What kind of chance should you give this Jeffries named Jim?

Buck wheeled Ali out to the corridor, as much as Ali allowed himself to be wheeled, while Ali flapped his mitt with disdain. Jeffries sprung forward. Eyes smoldering, he coiled like a pillbug, his left hook cocked to snap and strike.

Ali wasn’t drunk before, but he was drunk now, on his own beauty, his vigor, his pizzazz, his aura of invincibility. “Octopus. You need more than eight arms to hit me. I’m too pretty, I’m too fast.”

“Only sissies, they’re pretty,” Jeffries snapped, refusing to blanch.

Buck understood Ali’s mind games. He teased opponents with nicknames that boiled their blood: “The Washer Woman” for Canadian plodder George Chuvalo, mocking the motion of his fists churning; “The Rabbit” for Floyd Patterson, because Ali found him scared like a rabbit. Now Jeffries, “The Octopus.”

Such was the logic behind Ali’s verbal squall minutes earlier, the cannon-fire blast of insults directed at Sonny Liston, Joe Frazier, George Foreman, and why Buck feared his tournament faced desperate measures.

Panting, Buck sought to bask in the moment, the sweetest of all sweet scientists eyeballing the greatest of great white hopes. This was what this dream match was all about, the sixteen greatest heavyweights of all time, facing off on the best nights of their careers to crown the heavyweight champion of the multiverse.

“Pinskie, please escort the champ back to his training quarters. I need to find the doc.”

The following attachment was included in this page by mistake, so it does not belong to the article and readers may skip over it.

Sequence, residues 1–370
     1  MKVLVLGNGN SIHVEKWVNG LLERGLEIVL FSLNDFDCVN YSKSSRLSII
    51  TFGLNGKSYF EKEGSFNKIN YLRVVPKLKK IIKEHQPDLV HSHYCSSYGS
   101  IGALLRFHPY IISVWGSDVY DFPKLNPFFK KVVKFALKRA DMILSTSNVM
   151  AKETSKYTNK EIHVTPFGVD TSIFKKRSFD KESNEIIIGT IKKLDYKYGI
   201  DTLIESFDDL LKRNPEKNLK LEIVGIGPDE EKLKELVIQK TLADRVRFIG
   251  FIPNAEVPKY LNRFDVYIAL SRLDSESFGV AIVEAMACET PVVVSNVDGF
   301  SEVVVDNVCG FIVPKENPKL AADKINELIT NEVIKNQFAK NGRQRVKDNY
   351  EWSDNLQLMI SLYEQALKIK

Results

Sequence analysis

The doc. Dr. Egon Keloid. Master of this multiverse, The eccentric sorcerer whose formulae, equations, and potions returned these old champs to the Old Armory young again.

Buck barreled through the warren of hallways ringing the Old Armory. He christened it the Old Armory, though it was not old, but built solely for this tournament, just outside San Angeles. While the building showcased the stern brick-and-mortar ambiance of the boxing palaces of yore—if a place where men shed blood and teeth and brain matter might be a palace—its layout was unlike any other.

He slowed his charge and glimpsed into the glass-enclosed enclaves where the sixteen fighters Buck had matched would train, each sheltered within a replica of a gym from his era, each a portal to its own time capsule, each festooned with bric-a-brac from eras spanning more than a century. Miami Beach, Brooklyn, the Catskills, Atlantic City, and a dozen others. The arena itself was circular and accessible through gangways off to the right, with 1,500 seats for the VIPs invited to the live event. That was for optics. A multiverse-wide audience would experience the action via XR, Xtreme Reality, as surrogates for the agony and euphoria of the warriors. No one had experienced the holy sport of boxing for nearly a decade.